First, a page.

Senior executives at Rupert Murdoch’s News International launched a complex operation to cover up their crimes after illegal activities were exposed by the phone hacking scandal, the lead prosecutor at a trial in London alleged on Monday.
Rebekah Brooks was accused by the prosecution of orchestrating a conspiracy to pervert the course of justice by using News International employees and resources to hide or destroy notebooks, computers and emails that would prove the company had repeatedly broken the law.
According to the prosecutor, a project known as Operation Blackhawk allegedly was launched to hide the misconduct and employed a series of code words and codenames borrowed from Hollywood. Andrew Edis, prosecuting, said potentially damning evidence was transported by security staff, who cannot be named for legal reasons. After evidence was allegedly removed and then returned to Brooks’ home in London under the guise of a pizza delivery, one of the security operatives sent a text message quoting from the 1968 World War II movie Where Eagles Dare: “Broadsword calling Danny Boy. Pizza delivered and the chicken is in the pot,” the court heard. A reply came back: “F—king amateurs! We should have done a DLB [Dead Letter Box] or brush contact on the riverside!”
Edis also alleged that Brooks ordered the deletion of millions of emails spanning her entire period at the helm of the News of the World up until January 2010 when she had been promoted to chief executive of News International, the British wing of Murdoch’s News Corp empire.
These allegations emerged on the final day of Edis’ opening. He described the fallout inside News International from 2009 to July 2011 when the phone hacking scandal exploded amid allegations that the phone of missing teenager Milly Dowler had been hacked.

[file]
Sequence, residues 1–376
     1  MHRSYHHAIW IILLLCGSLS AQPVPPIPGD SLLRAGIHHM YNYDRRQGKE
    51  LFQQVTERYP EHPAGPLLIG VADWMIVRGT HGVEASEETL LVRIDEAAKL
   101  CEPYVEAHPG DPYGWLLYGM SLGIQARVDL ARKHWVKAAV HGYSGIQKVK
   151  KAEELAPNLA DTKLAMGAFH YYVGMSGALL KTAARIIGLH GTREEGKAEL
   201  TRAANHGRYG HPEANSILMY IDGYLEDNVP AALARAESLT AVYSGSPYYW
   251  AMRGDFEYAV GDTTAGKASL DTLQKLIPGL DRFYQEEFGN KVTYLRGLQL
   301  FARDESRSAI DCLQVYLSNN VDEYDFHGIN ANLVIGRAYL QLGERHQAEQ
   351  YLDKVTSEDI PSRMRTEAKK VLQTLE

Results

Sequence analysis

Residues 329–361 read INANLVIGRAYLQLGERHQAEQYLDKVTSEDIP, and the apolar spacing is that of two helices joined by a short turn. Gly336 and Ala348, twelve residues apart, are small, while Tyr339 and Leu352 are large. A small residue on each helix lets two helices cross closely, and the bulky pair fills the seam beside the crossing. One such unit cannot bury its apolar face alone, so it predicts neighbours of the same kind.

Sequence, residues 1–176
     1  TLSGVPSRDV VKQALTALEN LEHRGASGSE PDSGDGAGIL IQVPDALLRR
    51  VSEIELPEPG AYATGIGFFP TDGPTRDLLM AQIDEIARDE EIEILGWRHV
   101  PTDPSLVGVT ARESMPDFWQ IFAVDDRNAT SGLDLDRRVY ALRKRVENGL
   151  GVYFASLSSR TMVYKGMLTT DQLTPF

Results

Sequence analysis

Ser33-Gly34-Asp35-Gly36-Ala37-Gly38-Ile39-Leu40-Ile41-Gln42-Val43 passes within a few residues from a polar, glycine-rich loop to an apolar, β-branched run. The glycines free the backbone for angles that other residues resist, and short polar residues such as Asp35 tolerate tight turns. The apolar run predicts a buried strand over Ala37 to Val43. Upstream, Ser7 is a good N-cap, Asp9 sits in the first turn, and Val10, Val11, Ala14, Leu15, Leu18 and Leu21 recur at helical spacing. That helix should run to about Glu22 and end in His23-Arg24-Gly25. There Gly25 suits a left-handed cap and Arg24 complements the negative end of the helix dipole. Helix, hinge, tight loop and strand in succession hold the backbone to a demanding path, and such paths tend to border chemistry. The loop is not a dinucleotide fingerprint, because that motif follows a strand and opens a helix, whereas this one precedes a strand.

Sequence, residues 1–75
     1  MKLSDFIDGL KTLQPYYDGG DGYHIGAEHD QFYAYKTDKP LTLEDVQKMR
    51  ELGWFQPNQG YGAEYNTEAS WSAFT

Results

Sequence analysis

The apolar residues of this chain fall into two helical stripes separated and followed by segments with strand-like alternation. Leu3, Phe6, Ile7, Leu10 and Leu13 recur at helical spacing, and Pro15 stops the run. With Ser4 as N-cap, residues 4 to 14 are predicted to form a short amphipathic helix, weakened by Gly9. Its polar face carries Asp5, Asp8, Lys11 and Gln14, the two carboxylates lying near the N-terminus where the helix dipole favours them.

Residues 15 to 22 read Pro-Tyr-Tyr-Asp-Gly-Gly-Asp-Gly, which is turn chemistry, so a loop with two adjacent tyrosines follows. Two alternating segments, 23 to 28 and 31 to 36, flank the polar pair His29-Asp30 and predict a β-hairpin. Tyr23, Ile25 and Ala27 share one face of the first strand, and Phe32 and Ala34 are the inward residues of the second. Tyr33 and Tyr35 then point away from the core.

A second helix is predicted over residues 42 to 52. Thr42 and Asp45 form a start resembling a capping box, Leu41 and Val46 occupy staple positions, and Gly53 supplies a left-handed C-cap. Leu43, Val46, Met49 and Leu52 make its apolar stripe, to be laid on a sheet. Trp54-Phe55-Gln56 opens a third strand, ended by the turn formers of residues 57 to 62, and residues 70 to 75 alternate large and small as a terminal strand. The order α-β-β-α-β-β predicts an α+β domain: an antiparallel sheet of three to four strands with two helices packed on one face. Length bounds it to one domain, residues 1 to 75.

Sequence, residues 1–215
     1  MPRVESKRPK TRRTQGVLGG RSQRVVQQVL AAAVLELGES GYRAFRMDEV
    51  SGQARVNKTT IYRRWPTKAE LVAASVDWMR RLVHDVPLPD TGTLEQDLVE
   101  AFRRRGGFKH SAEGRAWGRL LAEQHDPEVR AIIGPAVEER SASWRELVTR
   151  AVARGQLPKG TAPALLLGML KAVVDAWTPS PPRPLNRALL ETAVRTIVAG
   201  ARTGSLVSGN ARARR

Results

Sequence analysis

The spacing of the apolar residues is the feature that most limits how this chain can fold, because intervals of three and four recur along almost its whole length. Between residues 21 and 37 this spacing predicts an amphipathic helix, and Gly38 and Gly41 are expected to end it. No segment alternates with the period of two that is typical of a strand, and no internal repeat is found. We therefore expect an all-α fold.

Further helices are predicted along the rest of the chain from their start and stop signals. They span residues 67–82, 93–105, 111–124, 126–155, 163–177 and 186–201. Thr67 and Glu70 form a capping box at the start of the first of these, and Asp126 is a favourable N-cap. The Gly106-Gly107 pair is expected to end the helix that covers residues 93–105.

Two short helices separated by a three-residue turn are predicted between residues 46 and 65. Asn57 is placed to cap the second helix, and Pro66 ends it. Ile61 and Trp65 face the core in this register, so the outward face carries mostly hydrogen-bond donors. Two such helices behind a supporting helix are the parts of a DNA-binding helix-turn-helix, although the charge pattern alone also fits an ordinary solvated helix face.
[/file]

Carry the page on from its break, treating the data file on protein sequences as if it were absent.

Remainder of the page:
On July 8, 2011, Brooks’ colleague, and, the prosecution says, former lover Andy Coulson was arrested by the police on suspicion of phone hacking. On the same day, Edis said Brooks sent her personal assistant, Cheryl Carter, to the News International archives, to retrieve seven boxes marked ‘Notebooks 1998-2007 of Rebekah Brooks, nee Wade.’ This is the first of two counts of conspiracy to “pervert the course of justice” that Brooks faces, in this instance together with her former personal assistant. “The prosecution case is… those seven boxes have never been seen again,” said Edis. The defendants deny all charges.
At the time the prosecution alleges the boxes were removed, Brooks was still hoping to keep her job as CEO of News International, Edis said. In an email to James Murdoch on the 8th of July, four days after the Dowler scandal broke, she claimed she was ‘ring-fenced’ and suggested the blame could fall on her predecessor as CEO of New International, Les Hinton, who was the head of Dow Jones, the WSJ publisher at the time, and the outgoing editor of the News of the World, Colin Myler. “[The] report when published would slam Les, Colin etc and it will vindicate my position (or not),” she wrote in an email sent to Murdoch.
The email also revealed that Brooks and James Murdoch had discussed plans to launch a replacement for the News of the World before it was closed. The Sun on Sunday wasn’t launched for another eight months.